Thanks to their heavy breading and small size, a dish of fried artichokes made a decidedly unpretentious, almost fair-food first impression. But the minty aioli added an interesting tang, and the tomato-caper tapenade had been super-reduced to acquire a great jamminess.
A pair of ragùs offered different virtues. In one case dark mushrooms had been cooked to a delicious earthy tenderness. They mixed with creamy yolk on a square pillow of creamy and fluffy polenta. A pork raguhad a pleasantly slow-developing roasted pepper heat, that emerged as you chewed the tough little cavetelli made from rye flour.
So Tipo is a pleasant sequel to Central Provisions. Central is more refined, but also a bit too (seeming to encourage Old Port-style overindulgence). In The Trip to Spain,Coogan is self-satisfied too — basking in the success of his 2013 film Philomena, which got him nominations for several Oscars (best picture, best screenplay) — but has given up drinking, and refuses wine throughout the trip. He is even writing his food reviews for a better paper (the New York Times; not The Observer).
But it is remarkable how little Coogan has changed, even as his career has gained in prestige. In fact, Philomena resembles a fourth Trip film — one in which Coogan imagines what it might be like to do something useful — and with Dame Judy Dench (passably impersonating a working-class woman) instead of Rob Brydon. Philomena suggests all it takes to find something meaningful to say and do is to stumble onto a poor woman whose baby was stolen by evil nuns. The film is structured exactly like The Trips — all driving and awkward meals on a newspaper’s expense account — but in Philomena, Coogan shuts up and listens with a concerned look on his face.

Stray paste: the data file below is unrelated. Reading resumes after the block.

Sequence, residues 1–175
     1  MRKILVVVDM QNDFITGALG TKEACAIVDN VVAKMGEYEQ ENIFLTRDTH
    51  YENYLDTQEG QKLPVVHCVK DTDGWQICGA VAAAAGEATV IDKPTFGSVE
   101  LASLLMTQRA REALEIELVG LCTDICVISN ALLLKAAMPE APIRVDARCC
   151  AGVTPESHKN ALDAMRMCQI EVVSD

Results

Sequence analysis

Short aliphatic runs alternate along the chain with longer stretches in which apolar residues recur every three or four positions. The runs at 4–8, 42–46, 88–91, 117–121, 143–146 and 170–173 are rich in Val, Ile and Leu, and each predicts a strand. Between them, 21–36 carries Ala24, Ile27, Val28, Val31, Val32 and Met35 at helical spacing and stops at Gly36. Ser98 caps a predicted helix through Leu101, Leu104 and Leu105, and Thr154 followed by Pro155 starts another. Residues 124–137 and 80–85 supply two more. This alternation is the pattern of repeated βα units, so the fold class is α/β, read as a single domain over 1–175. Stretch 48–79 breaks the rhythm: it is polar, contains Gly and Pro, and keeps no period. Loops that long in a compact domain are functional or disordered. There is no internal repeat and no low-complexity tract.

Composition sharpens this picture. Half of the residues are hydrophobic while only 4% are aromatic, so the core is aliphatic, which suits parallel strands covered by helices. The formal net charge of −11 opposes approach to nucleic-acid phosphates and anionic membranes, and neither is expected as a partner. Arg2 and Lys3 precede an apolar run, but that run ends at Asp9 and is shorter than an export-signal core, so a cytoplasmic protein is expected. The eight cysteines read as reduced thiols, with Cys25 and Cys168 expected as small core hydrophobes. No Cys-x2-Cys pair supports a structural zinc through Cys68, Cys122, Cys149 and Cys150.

His rare look of concern in The Trip to Spain also centers on a stolen baby: Coogan’s girlfriend, married to another man, has gotten pregnant and Coogan is not the father. Coogan offers to raise the child anyway and is refused — another pale reflection of Laurie Lee, whose daughter with Lorna Wishart was raised by Lorna’s husband. Meanwhile, Coogan’s son, a victim of Coogan’s passive paternal failures in previous films, has impregnated his own teenage girlfriend — assuming the role of father that Coogan could never fulfill.
Is the film reinforcing or undermining the lazy profundity that the way to give meaning to life is to create some more? As the men arrive in La Mancha and order the scallops, Cervantes replaces Lee as their foremost literary obsession. “Hunger is the best sauce in the world, and the poor eat with relish,” Cervantes had Teresa remind Sancho Panza, begging him to give up his roaming quest for wealth and notoriety. But one gets no sense that existential hunger is helping Brydon and Coogan appreciate these trips, these meals or their fame.
Cervantes fought the Ottomans, and spent five years enslaved in Algiers. He also made the implied narrator of Quixote’s story a Muslim. The Trip to Spain culminates in an interminable scene where Coogan attempts to lecture two women on the history of the Moors in Spain, while Brydon loudly comments in the voice of Roger Moore. The jokes win out over earnest didacticism, as usual.
Brydon, the film’s Sancho, returns to his wife and children. Coogan, dejected, crosses the water to Africa to do some writing. His Land Rover breaks down, and in the film’s final scene a Toyota HiLux full of ISIS soldiers stumble upon him. His concerned look returns. Could a Cervantes style adventure do what free meals and a down-scale Judy Dench could not — make a real writer and man of him? Perhaps The Trip to Syria could offer an answer.
The Trip to Spain | Dir: Michael Winterbottom | Playing at the Nickelodeon, 25 Temple St., Portland | http://patriotcinemas.com/
Tipo | 182 Ocean Ave., Portland | Wed–Sun 4pm-10pm; Sat–Sunday 10am-2pm | 207-358-7970 | http://www.tiporestaurant.com/